Sgt Esben Aakjær
(1911 - 1958)
Esben Aakjær, son of Danish author Jeppe Aakjær, is in United States when the Germans occupy Denmark 1940. He volunteers for the Royal Norwegian Forces during the Second World War flying Catalinas.
Esben Aakjær is born on 12 July 1911 in Jenle. He is the son of Danish author Jeppe Aakjær and Nanna Aakjær (nee Krogh).
In the late 1920’s Esben Aakjær earns his living as a farmer in Iceland, but when his father dies in 1930 he returns to Denmark. He refuses to serve in the armed forces and is therefore send to Kompedal with conscientious objectors. Among these is the later member of the Danish Freedom Council, editor Børge Outze. Esben Aakjær is educated as journalist at a local newspaper, Østsjællands Folkeblad, in Køge. He ends training in December 1937.
Around the World
The young Esben Aakjær longs to see the world. He leaves Denmark in the spring of 1938. Through Europe, Germany, Poland, Jugoslavia and Greece – to Egypt and further to Australia. He arrives in Perth on-board SS MALOJA on 31 may 1938. During the following months he tours Australia and New Zealand.
He continues to United States arriving in Los Angeles from Honolulu, Hawaii, on 26 November 1938 on-board SS LURLINE. He tours the United States and arrives in New York on 20 April 1939 a few days before the official opening of the Danish pavilion at the 1939 New York World's Fair. He is in New York, when the war breaks out in Europe.
The Royal Norwegian Air Force
In the fall of 1940 he is contacted by two Danes, Carl Urban Maaløe Jespersen and Alfred Henri Quistgaard, requesting him to join the Royal Norwegian Air Force in "Little Norway." He is accepted and joins the forces in Canada within a couple of months.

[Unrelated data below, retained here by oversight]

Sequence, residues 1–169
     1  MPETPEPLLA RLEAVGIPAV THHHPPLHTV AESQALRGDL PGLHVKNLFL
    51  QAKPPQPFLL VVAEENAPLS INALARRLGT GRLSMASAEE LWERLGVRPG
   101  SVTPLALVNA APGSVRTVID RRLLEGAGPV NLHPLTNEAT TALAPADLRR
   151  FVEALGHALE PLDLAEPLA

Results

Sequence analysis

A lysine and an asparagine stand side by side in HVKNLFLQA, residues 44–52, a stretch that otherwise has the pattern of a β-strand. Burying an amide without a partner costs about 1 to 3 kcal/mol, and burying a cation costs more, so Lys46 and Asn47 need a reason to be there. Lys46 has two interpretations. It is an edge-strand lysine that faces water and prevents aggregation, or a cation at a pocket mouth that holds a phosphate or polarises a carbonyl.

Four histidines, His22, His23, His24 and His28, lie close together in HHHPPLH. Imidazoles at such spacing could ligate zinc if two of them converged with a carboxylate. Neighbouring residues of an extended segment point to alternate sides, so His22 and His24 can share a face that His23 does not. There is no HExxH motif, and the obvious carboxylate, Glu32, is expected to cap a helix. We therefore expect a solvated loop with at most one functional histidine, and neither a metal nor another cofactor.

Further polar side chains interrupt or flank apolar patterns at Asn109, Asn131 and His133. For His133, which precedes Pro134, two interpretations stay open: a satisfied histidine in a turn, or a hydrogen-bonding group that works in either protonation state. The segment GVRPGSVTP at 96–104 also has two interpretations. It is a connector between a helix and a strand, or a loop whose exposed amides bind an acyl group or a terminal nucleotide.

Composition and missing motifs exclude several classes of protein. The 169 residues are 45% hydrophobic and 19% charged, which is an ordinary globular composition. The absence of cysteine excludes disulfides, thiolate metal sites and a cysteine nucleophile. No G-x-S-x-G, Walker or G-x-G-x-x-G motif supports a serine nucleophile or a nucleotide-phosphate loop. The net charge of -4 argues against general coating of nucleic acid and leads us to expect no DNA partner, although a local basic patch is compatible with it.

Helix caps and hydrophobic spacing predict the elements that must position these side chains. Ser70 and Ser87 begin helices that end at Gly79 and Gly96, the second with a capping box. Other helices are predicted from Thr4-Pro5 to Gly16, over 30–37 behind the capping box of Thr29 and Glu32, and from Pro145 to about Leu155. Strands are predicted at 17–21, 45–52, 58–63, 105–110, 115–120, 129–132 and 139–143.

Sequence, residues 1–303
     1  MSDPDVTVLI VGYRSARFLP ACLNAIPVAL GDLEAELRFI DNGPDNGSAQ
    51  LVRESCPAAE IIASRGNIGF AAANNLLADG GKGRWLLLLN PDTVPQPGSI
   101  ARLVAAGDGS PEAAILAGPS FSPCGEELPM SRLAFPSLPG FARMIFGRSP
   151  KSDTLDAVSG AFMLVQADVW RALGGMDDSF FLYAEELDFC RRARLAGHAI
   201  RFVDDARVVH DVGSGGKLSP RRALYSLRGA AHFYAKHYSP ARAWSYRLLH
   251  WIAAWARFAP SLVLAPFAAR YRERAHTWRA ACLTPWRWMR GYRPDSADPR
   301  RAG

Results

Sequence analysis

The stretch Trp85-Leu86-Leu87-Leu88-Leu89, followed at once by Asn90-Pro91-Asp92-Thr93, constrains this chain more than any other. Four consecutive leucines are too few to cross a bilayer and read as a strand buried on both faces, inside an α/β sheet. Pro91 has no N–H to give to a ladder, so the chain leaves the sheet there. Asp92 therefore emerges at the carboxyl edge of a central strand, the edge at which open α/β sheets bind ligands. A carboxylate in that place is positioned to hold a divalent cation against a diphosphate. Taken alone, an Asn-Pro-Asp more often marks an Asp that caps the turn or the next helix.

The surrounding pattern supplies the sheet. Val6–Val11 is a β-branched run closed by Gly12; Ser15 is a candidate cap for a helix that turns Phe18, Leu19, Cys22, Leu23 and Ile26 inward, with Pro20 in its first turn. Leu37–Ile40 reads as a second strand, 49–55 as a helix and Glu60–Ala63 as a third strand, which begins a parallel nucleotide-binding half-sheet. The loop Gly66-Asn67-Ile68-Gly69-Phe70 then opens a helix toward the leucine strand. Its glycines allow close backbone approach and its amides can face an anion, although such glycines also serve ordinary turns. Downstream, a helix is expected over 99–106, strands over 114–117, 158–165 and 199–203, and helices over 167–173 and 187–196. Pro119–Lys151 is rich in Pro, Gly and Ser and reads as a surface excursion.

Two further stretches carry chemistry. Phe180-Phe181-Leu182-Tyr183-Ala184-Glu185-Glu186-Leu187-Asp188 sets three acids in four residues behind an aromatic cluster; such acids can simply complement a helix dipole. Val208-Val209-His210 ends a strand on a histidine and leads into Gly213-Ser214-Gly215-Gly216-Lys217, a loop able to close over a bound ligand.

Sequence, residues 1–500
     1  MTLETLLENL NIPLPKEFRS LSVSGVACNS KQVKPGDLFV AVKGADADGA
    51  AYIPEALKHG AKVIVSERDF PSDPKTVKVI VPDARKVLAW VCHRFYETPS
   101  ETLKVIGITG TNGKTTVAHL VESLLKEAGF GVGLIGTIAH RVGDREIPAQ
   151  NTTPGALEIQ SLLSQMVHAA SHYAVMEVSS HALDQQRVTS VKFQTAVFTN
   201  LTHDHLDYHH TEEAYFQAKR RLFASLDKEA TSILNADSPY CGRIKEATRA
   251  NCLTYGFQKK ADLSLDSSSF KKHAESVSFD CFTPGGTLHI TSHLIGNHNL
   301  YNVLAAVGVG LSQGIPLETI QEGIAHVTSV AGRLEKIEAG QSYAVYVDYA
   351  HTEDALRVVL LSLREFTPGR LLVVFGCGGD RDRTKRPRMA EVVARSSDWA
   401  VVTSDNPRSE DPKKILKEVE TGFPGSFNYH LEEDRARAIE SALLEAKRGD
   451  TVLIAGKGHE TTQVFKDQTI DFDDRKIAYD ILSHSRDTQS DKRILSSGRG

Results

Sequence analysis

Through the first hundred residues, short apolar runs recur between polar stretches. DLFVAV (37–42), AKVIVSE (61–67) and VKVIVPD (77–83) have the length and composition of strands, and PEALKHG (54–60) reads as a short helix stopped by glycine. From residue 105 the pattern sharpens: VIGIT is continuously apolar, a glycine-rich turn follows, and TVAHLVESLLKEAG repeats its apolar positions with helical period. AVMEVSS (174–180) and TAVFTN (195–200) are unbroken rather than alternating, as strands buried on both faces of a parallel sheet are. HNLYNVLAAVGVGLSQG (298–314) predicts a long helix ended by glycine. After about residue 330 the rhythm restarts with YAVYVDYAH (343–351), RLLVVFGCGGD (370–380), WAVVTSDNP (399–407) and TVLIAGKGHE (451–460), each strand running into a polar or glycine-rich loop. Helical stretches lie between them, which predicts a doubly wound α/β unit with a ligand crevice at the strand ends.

At first he is considered too old for flying duties, and following initial training he is placed in the uniforms depot. It is here that later pilot Kjeld Rønhof meets him, when he arrives at the camp in the spring of 1941.
During 1941 he is accepted for wireless operator training later that year. In the late Winter 1942 he ends training and he and four colleagues is posted to No. 4 Bombing and Gunnery Schools, Fingal, Ontario (according to Aakjær it is No. 5 B&GS, but Fingal is No.4 B&GS). Ending training in Canada he is send to England, leaving Halifax by ship. He is posted to a school that I presume is No. 1 Radio School or No. 1 Signals School at RAF Cranwell.
He is finally posted to RAF Woodhaven in January 1942. From 8 February 1942 the first Norwegian Catalinas fly as part of the Norwegian Detachment No. 210 Squadron, Coastal Command. On 1 February 1943, this unit becomes a separate unit within coastal command; No. 1477 (Norwegian) Flight.
I can trace Esben Aakjær to this unit as he is part of a Catalina crew refuelling from a fuel tender when it bursts into flames. This is on 20 February 1943. On 10 May 1943, when No. 333 (Norwegian) Squadron is officially formed, Esben Aakjær is among the initial crew. During 1943 he is part of Squadron Leader H. Anonsens Catalina crew in "A" flight. He is wireless operator and air gunner. Initially holding the rank of Quartermaster, he is later promoted to Sergeant.
Air Transport Command
In May 1944 Esben Aakjær is send on operational leave. He arrives in New York on 25 May 1944 on-board the French liner SS PASTEUR. He is attached to the Air Transport Command for ferry duties. During these months he is part of crews ferrying aircraft for Africa, the Middle East and Asia.
He returns to England in December 1944. He is posted to RAF Killadeas, Northern Ireland. From his own description, I suppose he was trained at No. 131 Operational Training Unit.
In April 1945 he returns to Woodhaven for flying duties; the first entry in the 333 Squadron Operations Record Book being on 1 May 1945. On 8 May 1945 he is part of Commander Jørgensens crew on special duty from Woodhaven to Oslo. From Olso they fly to Stavanger the next day before returning to Woodhaven on 10 May 1945.
After the War
Esben Aakjær was worn out when he returned from war. The next 10 years he travels Denmark lecturing about his own experiences and his father. He dies too early in 1958 at the age of 47.
(Aakjær, 1947; Brovst, 1982; Meyer, 1973; Rønhof, 1996; AIR 27/1731; AIR 27/1732; NAA, PP246/4)